KEY POINTS
  • The FCC voted to finalize a program subsidizing costs for small telecom firms to rip and replace Huawei and ZTE equipment.
  • The U.S. government has considered the Chinese firms a national security risk.

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Federal Communication Commission Commissioner Jessica Rosenworcel testifies before the House Energy and Commerce Committee's Communications and Technology Subcommittee in the Rayburn House Office Building on Capitol Hill December 05, 2019 in Washington, DC.

In a unanimous vote on Tuesday, the Federal Communications Commission finalized a $1.9 billion program to rip and replace equipment from Chinese telecom companies considered national security risks by the U.S. government.

The program is meant to subsidize the cost for small telecommunications companies in the U.S. to replace gear from firms like Huawei and ZTE in an effort to secure U.S. networks.

To be eligible for the funds, U.S. telecom firms must serve 10 million or fewer customers. That's a higher threshold than the previous 2 million or fewer figure in an earlier version of the order. Eligible companies that obtained equipment from companies like Huawei or ZTE prior to June 30, 2020 can apply to be reimbursed for their replacement costs.

U.S. officials have long complained Chinese companies are beholden to the People's Republic of China and collect sensitive information on behalf of the People's Liberation Army. The Chinese Communist Party has previously said that it does not engage in industrial espionage. Under former President Donald Trump, the U.S. added a slew of Chinese companies to its economic blacklist. These included the country's top smartphone maker, Huawei, lead chipmaker SMIC and the largest drone manufacturer, SZ DJI Technology.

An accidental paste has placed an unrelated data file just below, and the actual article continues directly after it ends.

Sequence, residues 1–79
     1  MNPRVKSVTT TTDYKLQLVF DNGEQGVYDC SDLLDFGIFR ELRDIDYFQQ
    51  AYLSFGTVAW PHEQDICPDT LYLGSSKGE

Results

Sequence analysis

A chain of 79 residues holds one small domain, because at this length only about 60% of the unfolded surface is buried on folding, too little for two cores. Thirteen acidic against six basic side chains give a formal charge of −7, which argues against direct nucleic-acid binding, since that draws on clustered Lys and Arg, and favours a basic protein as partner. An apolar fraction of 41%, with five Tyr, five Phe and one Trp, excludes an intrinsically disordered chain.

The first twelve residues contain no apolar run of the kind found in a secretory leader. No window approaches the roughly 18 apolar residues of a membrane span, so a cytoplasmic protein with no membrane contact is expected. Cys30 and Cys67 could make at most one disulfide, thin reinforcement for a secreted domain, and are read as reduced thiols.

In an effort to further isolate China's Huawei, the world's largest telecommunications equipment manufacturer, Trump pushed U.S. partner countries to deny Huawei access to their 5G networks. The Trump administration specifically worked to keep members of the "five eyes" intelligence-sharing group — the U.S., U.K., Canada, Australia and New Zealand — from working with Huawei.

Former Secretary of State Mike Pompeo previously described Huawei and other Chinese state-backed tech companies as "Trojan horses for Chinese intelligence."

In April, the Biden administration added seven Chinese supercomputing entities to a U.S. economic blacklist citing national security concerns.

The Commerce Department added Tianjin Phytium Information Technology, Shanghai High-Performance Integrated Circuit Design Center, Sunway Microelectronics, the National Supercomputing Center Jinan, the National Supercomputing Center Shenzhen, the National Supercomputing Center Wuxi and the National Supercomputing Center Zhengzhou to its blacklist. The seven entities were blacklisted for "building supercomputers used by China's military actors, its destabilizing military modernization efforts, and/or weapons of mass destruction programs."

"Supercomputing capabilities are vital for the development of many – perhaps almost all – modern weapons and national security systems, such as nuclear weapons and hypersonic weapons," U.S. Secretary of Commerce Gina Raimondo wrote in an April 8 statement.

Huawei USA Vice President Glenn Schloss said in a statement that the company was "disappointed" by the vote, calling the program "an unrealistic attempt to fix what isn't broken."

"The FCC initiative only creates extraordinary challenges for carriers in the most rural/remote areas of the U.S. to maintain the same high level and quality of service they provide to their customers without disruption," Schloss said, adding that the FCC was "using policy in an effort to make a geopolitical statement."

Representatives for ZTE and the Chinese Embassy did not immediately respond to requests for comment.

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